Both sides agree that a 20-page report by SACS is key. The state says in court filings that the document, which explained the agency’s probation decision, left “no wiggle room” in establishing grounds for suspension. The report concluded that “extensive efforts, costs and resources” had been “wasted” in efforts to “bring about sustained change in the culture and operation” of the DeKalb board and that students would suffer if the “pattern of poor governance” is not corrected.
DeKalb argues that the report is deeply flawed.
At a hearing earlier this month when the Georgia Board of Education recommended suspension, DeKalb school officials testified to what Wilson described as two factual errors in the SACS report.
The report implies $12 million in textbook money went missing, saying “numerous interviews revealed that no one could identify any school that had received new textbooks.” It also says only 35 percent of classrooms have “wireless” connectivity.
A district official testified at that state board hearing that the textbooks were all accounted for and SACS never interviewed her about the issue. Another official testified that all schools had “Internet” access and that all would be wireless by the fall. SACS also didn’t ask that second official about that issue.
Wilson argued Friday that he was able to rebut those concerns because they were document-based, but other issues noted by SACS were based on anonymous interviews. Due process entails the right to probe the sources of information, Wilson said, but since SACS doesn’t reveal identities of people it interviewed, there’s no way to subpoena and cross-examine them. “We did not get our right to confront witnesses,” Wilson said.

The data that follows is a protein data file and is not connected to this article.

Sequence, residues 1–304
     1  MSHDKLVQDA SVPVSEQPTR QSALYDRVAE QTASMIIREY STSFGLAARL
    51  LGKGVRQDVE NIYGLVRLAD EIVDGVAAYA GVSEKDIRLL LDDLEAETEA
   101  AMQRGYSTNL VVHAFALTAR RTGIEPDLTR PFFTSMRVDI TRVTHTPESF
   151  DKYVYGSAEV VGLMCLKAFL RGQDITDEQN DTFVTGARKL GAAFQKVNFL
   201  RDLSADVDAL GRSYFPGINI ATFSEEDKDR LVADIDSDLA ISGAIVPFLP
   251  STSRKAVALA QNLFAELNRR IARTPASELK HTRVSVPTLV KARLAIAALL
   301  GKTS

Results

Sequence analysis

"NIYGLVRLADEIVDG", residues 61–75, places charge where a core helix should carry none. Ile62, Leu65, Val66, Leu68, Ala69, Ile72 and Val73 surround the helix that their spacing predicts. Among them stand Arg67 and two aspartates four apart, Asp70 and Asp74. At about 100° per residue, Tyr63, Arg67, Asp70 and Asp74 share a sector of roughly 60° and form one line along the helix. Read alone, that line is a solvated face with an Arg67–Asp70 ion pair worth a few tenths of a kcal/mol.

In arguing for a preliminary injunction, the plaintiffs must show that “irreparable harm” will occur if the judge fails to stop an action.
Ritter argued that the DeKalb board members will not suffer such harm because the process allows them to petition the governor for reinstatement.
Wilson contended, however, that the grounds for reinstatement are unclear and that, in any case, that process takes two to five months and the board members will be deprived over that period and their reputations damaged.
The hearing attracted several dozen observers, including seats full of court clerks who came to witness the unusual case.
Randy Faigin David, a north DeKalb mom with four kids in the system, trained as a lawyer and said the constitutional issues are fascinating and likely the talk of the courthouse. But her children are her priority. “My kids are in a struggling school district today,” she said. “These are all interesting, important issues, but we still have to fix our schools, right now.”
Another observer, former school board member Zepora Roberts, said education isn’t the only thing at stake. Voting rights are the crucial issue, she said. “We the people in south DeKalb are very concerned about our voting rights being taken away from us,” she said. “That is the biggest thing.”